Surgical and Procedural Training
The fellow can expect to gain proficiency with plaque brachytherapy and fiducial marker placement, choroidal tumor biopsy, conjunctival tumor excision and ocular surface reconstruction, eyelid tumor excision and reconstruction, orbitotomy and orbital tumor removal, enucleation and exenteration, and Mohs’ reconstruction.
Fellows will also gain expertise in transpupillary thermotherapy, photodynamic therapy, laser photocoagulation, cryotherapy, and intravitreal injections. Fellows who already have previous vitreoretinal fellowship training can expect additional opportunities for vitreoretinal procedures including vitrectomy and membrane peels.
Fellows will gain expertise in the performance and interpretation of A- and B-scan ultrasonography and ultrasound biomicroscopy. Additional state-of-the-art imaging and diagnostic equipment that is available and routinely used in the evaluation of ocular tumors at Vanderbilt include digital fundus and anterior segment photography, fluorescein and indocyanine green angiography, RetCam and ultra-widefield Optos photography and fluorescein angiography, spectral-domain optical coherence tomography and enhanced depth imaging (EDI) OCT, OCT angiography, and electroretinography. These are all available in both the clinic areas as well as in the operating rooms, including intraoperative OCT and handheld OCT angiography. The fellow will have ample opportunity to learn the techniques for performing and interpreting these tests.
Lectures and Conferences
Weekly ocular oncology educational conferences occur at 7 AM every week on either Monday or Tuesday morning (day alternates by week). The themes of these conferences alternate between interesting/challenging cases, journal club, and clinicopathologic conferences, and are conducted in conjunction with the retina fellows, oculoplastics fellows, and residents. Conferences are attended by all ocular oncology faculty mentors.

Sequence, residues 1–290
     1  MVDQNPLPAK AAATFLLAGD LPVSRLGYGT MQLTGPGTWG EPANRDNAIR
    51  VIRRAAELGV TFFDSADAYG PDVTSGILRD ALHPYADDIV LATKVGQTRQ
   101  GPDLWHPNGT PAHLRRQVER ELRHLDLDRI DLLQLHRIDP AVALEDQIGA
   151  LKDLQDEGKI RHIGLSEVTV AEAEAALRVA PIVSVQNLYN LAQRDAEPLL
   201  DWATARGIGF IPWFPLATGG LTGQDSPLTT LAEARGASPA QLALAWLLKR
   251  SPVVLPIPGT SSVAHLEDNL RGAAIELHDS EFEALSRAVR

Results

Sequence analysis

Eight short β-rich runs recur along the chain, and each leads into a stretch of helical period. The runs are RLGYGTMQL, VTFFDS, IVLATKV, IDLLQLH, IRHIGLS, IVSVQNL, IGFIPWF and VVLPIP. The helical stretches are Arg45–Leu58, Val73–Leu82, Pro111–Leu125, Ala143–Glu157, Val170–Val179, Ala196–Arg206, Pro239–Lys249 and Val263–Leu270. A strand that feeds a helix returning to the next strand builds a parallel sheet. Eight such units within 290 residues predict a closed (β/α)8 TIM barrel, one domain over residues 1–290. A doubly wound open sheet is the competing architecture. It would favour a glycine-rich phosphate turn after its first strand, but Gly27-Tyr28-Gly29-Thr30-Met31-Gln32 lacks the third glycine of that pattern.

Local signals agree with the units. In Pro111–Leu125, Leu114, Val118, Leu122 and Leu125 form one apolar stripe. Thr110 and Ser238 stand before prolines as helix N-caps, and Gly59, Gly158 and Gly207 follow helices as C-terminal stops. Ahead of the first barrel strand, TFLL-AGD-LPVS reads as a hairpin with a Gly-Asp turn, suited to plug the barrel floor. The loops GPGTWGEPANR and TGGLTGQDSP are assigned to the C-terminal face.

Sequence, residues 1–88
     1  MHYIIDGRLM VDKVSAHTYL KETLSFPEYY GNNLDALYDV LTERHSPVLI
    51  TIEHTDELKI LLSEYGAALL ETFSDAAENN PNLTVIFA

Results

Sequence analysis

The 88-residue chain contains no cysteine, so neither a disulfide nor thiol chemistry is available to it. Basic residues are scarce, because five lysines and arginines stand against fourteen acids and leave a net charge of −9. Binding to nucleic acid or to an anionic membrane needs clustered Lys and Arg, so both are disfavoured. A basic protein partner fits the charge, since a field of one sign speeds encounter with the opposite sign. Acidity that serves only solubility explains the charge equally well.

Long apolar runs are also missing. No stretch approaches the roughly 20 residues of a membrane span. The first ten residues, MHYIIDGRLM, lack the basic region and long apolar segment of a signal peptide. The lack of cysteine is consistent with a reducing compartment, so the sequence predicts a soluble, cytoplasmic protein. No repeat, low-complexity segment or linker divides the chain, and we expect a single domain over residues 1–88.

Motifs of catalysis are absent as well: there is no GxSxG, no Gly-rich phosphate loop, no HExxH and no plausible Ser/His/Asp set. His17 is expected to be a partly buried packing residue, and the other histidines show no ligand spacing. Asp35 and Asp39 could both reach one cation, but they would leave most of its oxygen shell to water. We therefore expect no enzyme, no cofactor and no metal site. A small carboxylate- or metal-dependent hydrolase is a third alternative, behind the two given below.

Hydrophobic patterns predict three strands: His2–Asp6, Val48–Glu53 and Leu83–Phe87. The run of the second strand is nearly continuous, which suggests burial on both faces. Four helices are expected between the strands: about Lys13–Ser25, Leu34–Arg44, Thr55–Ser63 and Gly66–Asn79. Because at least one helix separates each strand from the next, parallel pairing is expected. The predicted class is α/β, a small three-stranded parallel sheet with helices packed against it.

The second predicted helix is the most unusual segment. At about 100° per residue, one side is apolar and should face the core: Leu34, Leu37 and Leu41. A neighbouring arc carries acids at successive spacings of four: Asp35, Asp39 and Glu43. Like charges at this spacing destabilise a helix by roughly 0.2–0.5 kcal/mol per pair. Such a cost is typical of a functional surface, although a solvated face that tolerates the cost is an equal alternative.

Fellows will also participate in the ocular oncology tumor board on Wednesday mornings at 7 AM, along with representatives from medical oncology, pediatric oncology, radiology, pathology, radiation oncology, and the neurointerventional program.
Ocular Oncology Fellows will participate in the Ophthalmology Department’s Grand Rounds each Friday morning at 7 AM.
Ocular Oncology Research
There is a modest amount of dedicated research time built into the fellowship schedule, and there are a multitude of ways in which fellows can fulfill their research requirements in a manner that is tailored toward their own career plans. Opportunities range from bench science to clinical research to designing engineering prototypes to involvement in the design and execution of clinical trials. There is no desire to have a “cookie-cutter” approach to research for all fellows, but rather to have the research component augment the fellow’s clinical education. Mentors will help challenge fellows to begin to think about how to solve tomorrow’s problems in ocular oncology, using the multitude of technologies and opportunities available throughout the medical center. All fellows will present their research at a relevant conference, and funding is available for travel expenses.